Faculty photographs will be on display in the Bagwell Gallery, located on Pellissippi State’s Hardin Valley Campus, Nov. 16-Dec. 13. Gallery hours are 10 a.m.-6:30 p.m. Monday through Friday. The event is free and the community is invited.

Participating faculty include Eslick, Fred Draper, Gene Forest, Ron Goodrich, John Edwin May, G.W. Meredith Jr., Julie Poole and Teresa Mabry Reed, showing a variety of photography subjects.

For more information, contact Pellissippi State at (865) 694-6400 or visit To request accommodations for a disability, contact the executive director of Human Resources at (865) 694-6607 or

Pellissippi State tops state in associate’s degrees in 2012-2013

posted in: Awards, Degree Programs | 0

Pellissippi State Community College led Tennessee in the number of associate’s degrees awarded by two-year colleges this past school year, and now the college has established its first winter Commencement ceremony next month to accommodate graduates and their families.

Pellissippi State awarded 1,265 associate’s degrees in the 2012-2013 school year, more than any other two-year college in the state, according to the Tennessee Board of Regents, the school’s governing body. The college also awarded 935 certificates, the second highest number in Tennessee.

“Since L. Anthony Wise Jr. became president [in 2011], he has said he wanted us to become the No. 1 producer of associate’s degrees in the state. We did it!” said Rebecca Ashford, vice president of Student Affairs.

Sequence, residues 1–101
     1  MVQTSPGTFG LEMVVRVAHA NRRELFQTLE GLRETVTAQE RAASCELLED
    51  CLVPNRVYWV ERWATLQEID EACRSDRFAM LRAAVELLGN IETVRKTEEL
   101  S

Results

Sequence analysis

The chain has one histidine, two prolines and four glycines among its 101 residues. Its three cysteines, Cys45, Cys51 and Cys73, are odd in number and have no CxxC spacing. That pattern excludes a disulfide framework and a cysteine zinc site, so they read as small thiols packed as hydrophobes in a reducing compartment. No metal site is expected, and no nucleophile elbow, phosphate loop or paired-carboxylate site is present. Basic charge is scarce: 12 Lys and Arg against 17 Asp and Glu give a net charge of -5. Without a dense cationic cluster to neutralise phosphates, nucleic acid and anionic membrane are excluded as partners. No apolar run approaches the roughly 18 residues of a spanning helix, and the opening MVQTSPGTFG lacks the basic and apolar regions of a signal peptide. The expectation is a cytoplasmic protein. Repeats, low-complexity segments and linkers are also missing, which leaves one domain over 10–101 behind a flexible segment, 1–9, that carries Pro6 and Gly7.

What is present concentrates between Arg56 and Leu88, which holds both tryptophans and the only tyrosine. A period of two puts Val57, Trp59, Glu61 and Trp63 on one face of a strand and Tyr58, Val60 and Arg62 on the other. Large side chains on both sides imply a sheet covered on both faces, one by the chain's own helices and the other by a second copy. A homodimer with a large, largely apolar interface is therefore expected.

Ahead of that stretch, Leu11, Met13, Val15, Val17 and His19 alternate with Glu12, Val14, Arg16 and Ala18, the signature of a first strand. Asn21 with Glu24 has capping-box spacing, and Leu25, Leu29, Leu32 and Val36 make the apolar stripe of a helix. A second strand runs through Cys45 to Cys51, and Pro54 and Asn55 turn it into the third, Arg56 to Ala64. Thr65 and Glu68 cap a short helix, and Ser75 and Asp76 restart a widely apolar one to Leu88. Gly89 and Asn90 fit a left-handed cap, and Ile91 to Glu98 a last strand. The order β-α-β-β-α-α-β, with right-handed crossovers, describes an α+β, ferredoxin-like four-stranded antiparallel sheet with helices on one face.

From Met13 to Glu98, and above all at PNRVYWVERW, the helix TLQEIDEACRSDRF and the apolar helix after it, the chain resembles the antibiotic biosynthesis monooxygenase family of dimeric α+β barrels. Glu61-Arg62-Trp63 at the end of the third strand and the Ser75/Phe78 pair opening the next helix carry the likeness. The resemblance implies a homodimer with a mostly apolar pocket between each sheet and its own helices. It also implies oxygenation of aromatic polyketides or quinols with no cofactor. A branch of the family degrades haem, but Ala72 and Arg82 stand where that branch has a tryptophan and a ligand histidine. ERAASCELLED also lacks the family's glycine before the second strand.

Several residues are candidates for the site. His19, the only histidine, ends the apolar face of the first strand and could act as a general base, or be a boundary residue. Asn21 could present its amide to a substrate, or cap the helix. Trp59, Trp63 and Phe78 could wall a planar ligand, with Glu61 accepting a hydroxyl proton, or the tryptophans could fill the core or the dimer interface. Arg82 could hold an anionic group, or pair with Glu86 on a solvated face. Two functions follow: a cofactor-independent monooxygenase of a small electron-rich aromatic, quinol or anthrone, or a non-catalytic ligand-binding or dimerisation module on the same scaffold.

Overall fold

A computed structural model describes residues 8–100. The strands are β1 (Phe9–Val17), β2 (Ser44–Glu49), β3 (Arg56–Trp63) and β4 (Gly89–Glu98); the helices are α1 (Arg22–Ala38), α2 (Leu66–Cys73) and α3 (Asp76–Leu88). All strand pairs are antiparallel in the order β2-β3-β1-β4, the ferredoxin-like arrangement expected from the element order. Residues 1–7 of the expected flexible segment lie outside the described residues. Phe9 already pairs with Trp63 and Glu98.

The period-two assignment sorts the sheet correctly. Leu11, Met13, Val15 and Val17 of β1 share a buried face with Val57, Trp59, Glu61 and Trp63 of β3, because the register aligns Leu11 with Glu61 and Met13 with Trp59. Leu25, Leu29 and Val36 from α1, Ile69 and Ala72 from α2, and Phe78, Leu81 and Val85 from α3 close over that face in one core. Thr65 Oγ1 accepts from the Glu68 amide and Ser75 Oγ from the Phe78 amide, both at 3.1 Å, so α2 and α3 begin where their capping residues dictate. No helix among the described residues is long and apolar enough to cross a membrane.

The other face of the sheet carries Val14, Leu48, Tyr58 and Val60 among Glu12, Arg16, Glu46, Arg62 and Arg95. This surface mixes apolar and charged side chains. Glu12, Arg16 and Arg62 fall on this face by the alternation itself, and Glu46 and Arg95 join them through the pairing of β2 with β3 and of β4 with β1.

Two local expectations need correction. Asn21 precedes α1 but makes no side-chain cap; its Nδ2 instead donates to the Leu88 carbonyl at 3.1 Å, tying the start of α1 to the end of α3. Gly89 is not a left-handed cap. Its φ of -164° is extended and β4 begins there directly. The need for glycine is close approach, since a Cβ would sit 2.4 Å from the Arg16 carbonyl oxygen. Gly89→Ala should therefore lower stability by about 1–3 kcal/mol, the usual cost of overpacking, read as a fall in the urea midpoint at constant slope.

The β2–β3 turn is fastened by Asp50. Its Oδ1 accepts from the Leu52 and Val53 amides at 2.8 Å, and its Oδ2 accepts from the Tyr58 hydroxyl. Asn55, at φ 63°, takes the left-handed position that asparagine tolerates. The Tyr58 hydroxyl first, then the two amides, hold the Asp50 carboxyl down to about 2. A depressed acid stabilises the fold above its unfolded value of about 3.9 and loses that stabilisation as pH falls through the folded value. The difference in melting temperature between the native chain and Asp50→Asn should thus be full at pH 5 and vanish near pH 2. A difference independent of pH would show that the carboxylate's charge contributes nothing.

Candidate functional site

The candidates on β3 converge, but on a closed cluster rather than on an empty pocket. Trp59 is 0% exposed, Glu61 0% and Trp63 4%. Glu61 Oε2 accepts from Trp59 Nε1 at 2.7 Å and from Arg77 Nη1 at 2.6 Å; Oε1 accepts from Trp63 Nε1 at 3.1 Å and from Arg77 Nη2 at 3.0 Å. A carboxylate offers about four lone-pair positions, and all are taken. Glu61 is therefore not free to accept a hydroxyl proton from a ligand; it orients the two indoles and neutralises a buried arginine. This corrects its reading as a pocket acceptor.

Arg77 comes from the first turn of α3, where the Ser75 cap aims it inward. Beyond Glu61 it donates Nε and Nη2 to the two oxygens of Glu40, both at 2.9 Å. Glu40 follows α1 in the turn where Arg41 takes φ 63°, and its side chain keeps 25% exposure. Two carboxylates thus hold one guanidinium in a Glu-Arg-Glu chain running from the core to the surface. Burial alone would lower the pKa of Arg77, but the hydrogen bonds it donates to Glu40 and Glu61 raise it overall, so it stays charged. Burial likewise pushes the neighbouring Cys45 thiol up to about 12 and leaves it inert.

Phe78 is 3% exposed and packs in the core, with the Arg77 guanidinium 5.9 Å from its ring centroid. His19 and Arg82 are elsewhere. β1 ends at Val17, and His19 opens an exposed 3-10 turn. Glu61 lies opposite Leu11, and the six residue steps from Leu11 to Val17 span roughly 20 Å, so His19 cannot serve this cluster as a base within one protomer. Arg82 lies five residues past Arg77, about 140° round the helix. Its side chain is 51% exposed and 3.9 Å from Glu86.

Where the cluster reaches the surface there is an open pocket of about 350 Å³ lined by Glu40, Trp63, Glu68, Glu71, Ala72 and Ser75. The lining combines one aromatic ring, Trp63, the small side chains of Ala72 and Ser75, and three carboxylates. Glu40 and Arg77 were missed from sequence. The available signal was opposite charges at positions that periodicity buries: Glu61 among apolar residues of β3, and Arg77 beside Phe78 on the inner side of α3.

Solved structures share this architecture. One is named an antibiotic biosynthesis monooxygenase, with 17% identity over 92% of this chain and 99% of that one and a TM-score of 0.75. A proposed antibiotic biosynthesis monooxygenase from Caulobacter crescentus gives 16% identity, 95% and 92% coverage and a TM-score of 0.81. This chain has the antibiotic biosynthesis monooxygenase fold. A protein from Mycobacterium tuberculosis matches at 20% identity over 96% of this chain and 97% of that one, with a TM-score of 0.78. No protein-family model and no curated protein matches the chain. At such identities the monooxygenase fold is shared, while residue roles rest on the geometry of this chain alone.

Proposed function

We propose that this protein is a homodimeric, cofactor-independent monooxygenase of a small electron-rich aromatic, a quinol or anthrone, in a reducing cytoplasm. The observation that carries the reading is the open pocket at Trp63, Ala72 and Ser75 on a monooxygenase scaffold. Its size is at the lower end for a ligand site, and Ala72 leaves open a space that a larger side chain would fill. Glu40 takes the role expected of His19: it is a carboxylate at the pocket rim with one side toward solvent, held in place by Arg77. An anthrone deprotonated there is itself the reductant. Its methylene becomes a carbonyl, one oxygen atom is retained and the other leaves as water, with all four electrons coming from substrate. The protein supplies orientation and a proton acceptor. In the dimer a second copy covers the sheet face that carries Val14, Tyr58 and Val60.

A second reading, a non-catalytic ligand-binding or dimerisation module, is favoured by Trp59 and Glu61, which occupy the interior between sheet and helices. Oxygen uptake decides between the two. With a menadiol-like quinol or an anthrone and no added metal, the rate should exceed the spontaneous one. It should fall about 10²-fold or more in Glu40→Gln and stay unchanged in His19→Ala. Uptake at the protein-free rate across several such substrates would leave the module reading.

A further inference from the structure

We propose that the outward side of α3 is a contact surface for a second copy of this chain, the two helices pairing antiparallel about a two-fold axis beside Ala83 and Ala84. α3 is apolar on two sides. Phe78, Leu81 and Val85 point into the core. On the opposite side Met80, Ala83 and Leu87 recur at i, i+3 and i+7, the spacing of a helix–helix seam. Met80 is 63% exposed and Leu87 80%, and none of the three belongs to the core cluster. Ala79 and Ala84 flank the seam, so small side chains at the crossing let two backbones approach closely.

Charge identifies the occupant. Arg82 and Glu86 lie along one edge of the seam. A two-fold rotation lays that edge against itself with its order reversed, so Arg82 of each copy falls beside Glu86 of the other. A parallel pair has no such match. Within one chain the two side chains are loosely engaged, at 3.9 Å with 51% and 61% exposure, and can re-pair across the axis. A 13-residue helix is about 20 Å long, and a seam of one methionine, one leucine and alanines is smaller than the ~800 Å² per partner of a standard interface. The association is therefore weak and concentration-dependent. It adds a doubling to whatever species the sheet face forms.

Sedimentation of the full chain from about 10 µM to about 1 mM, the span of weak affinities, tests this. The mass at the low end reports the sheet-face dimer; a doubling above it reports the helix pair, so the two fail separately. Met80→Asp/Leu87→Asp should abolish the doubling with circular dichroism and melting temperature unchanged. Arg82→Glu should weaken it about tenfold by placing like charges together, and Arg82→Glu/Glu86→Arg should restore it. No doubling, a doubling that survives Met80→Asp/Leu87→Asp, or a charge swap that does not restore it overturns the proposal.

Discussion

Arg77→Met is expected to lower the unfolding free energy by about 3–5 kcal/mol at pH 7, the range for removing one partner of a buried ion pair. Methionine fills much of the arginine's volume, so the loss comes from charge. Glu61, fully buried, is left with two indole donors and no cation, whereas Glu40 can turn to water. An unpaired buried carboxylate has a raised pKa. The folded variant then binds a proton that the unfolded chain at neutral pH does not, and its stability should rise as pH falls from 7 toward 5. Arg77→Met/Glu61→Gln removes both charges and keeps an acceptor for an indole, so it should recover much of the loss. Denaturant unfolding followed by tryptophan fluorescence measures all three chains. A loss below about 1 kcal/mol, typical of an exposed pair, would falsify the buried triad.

“We’ve been focusing on increasing graduation rates: from making the process for applying to graduate simpler for students, to implementing academic support programs, to increasing the number of cohort programs we offer, and even to changing our focus and message to students in advising.”

“It is generally advantageous to students to earn a degree, rather than to just take some courses and transfer,” said Lois Reynolds, assistant vice president of Academic Affairs, “because universities are more likely to accept all of the students’ credits with a complete degree.”

As the number of degrees awarded to Pellissippi State students has increased, the college’s annual Commencement ceremony in the spring has grown correspondingly larger. In May, 514 students walked across the stage at graduation.

“We’ve never had more than one graduation ceremony in an academic year,” said Ashford, “but at this past spring graduation ceremony, we had so many students and guests that we found we’d grown too big for our venue, and realized the ceremony has become less intimate.”

Pellissippi State’s administration responded by adding a second graduation ceremony: Friday, Dec. 13, the college will host its inaugural winter Commencement.

Any student graduating in summer or fall 2013 is eligible to walk across the stage at the ceremony. The event takes place at 7 p.m. at Thompson-Boling Arena in Knoxville.

Ashford and Reynolds hope the ceremony will attract Pellissippi State graduates who earn their degrees in the summer or fall but otherwise would have declined to return for spring graduation.